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Why wikis can save local democracy

Sunday, March 6th, 2011

I’ve been away from OFNT while I spend time on the front lines, but I took some shore leave (or whatever) this weekend to give a short presentation and eat some collaboratively decorated cupcakes at yesterday’s delightful PortlandWiki barnraising, which also featured Brian Kerr of ArborWiki and Mark Dilley of AboutUs and WikiIndex.

Here’s a slightly improved version of the short presentation I gave. I’m an unusual advocate for wikis because I approach them primarily as a way to deliver information and only secondarily as a way to collaborate. I think this is a fairly good summary of the basic reason I chose a wiki as the main web component of Portland Afoot.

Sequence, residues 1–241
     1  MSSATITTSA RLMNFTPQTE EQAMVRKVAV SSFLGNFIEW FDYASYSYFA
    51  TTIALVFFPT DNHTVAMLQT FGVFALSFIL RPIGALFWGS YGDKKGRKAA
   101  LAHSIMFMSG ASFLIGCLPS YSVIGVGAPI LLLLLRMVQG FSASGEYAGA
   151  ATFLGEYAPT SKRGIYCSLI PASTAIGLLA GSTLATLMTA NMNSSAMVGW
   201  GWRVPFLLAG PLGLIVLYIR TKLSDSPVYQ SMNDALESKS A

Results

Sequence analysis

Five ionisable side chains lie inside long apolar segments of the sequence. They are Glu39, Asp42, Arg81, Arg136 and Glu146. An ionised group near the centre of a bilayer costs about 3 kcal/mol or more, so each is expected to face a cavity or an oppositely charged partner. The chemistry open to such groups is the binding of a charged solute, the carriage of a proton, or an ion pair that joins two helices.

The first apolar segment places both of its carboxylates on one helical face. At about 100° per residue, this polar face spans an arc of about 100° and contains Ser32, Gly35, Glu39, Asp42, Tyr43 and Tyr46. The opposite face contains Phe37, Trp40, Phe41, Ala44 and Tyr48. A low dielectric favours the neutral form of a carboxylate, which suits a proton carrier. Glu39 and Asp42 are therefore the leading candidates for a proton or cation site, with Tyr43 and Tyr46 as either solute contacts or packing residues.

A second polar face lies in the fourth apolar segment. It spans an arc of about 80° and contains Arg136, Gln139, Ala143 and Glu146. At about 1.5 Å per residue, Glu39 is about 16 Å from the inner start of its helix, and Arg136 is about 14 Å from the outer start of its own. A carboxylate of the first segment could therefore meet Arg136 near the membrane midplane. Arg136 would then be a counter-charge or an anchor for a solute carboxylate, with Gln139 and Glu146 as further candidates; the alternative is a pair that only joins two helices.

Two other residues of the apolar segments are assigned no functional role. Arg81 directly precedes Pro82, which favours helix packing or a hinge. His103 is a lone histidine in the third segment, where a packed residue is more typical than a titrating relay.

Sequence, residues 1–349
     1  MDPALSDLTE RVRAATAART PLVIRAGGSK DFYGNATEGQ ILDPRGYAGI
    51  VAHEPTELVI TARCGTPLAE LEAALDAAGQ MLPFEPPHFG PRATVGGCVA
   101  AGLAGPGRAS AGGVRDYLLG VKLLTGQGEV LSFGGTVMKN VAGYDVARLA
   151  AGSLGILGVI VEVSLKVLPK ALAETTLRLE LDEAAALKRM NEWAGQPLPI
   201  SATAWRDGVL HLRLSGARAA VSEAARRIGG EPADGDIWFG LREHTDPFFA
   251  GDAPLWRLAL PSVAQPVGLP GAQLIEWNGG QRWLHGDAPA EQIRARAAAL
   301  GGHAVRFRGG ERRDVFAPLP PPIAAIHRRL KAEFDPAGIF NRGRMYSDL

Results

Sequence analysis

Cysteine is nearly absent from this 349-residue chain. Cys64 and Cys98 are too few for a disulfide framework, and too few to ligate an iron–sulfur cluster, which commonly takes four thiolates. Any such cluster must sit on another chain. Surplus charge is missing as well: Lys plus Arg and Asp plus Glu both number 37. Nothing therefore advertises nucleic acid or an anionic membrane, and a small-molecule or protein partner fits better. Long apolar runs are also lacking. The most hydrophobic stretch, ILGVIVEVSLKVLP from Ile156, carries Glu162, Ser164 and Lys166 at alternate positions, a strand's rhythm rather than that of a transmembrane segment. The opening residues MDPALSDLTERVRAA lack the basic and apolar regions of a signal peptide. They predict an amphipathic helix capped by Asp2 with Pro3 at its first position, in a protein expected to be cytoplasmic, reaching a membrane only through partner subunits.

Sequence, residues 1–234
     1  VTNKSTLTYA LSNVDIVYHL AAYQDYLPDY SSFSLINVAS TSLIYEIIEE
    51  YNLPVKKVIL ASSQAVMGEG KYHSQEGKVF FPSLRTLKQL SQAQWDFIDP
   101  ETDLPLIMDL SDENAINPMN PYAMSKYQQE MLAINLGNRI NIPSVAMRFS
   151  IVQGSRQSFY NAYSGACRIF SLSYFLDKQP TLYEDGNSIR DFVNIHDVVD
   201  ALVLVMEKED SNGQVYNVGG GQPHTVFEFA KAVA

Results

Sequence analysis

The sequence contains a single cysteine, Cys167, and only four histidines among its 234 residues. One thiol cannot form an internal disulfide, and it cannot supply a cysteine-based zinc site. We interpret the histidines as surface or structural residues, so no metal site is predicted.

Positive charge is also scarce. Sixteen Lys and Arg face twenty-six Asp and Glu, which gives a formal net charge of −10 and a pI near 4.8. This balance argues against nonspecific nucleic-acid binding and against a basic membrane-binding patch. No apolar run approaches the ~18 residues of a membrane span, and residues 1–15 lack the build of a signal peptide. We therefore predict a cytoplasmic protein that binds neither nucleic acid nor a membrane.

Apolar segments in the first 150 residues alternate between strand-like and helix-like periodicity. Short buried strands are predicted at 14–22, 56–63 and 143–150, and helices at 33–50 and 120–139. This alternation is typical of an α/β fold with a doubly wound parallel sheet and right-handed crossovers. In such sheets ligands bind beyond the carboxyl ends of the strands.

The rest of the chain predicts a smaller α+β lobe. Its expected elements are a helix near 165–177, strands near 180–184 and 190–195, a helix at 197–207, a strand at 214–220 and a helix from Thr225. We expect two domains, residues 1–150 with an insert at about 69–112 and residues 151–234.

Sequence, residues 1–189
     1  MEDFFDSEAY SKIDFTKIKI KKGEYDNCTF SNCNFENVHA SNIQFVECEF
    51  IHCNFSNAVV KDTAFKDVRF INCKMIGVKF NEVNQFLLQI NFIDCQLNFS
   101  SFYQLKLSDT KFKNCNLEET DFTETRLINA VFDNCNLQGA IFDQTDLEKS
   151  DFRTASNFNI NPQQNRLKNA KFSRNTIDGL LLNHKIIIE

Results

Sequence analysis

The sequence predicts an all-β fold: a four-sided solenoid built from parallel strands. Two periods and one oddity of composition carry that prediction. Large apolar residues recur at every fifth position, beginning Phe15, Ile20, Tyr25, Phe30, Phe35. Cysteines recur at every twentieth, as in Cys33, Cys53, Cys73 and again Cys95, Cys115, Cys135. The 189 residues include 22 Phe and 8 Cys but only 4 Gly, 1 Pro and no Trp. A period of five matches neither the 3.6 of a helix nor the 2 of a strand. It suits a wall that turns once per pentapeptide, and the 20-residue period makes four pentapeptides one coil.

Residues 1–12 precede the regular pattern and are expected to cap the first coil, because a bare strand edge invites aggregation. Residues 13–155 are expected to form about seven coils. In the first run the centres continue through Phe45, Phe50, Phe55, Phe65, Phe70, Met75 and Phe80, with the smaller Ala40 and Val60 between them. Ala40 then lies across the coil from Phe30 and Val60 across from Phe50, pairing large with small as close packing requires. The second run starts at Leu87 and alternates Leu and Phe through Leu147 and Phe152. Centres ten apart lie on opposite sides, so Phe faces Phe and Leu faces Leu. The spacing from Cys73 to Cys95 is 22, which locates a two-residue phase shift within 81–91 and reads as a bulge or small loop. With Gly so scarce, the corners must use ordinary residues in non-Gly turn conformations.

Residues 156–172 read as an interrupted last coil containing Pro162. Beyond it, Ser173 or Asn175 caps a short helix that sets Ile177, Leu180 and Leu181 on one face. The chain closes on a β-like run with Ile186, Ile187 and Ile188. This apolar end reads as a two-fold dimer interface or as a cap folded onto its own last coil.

In which hog fuel demonstrates that paid content has potential

Friday, May 1st, 2009

Here’s the best case against paid news content. It’s two sentences long:

We tried that. It didn’t work.

But there’s a powerful rebuttal to that case, one that grizzled online-news veterans (like my man Steve Yelvington, linked above) miss: The economics have changed since last time.

No, consumer desires haven’t changed since 1996. Sorry, Al, they wouldn’t pay for traditional newspaper content online then, and they won’t now. But local media incentives have changed since 1996.

The real question: whether those incentives have changed enough to force newspapers to make the crucial shift that could keep them alive — a shift to niche products.

If you want to understand how newspaper incentives have changed, you need to understand the following short story from the great Northwest.

It’s a story about hog fuel.

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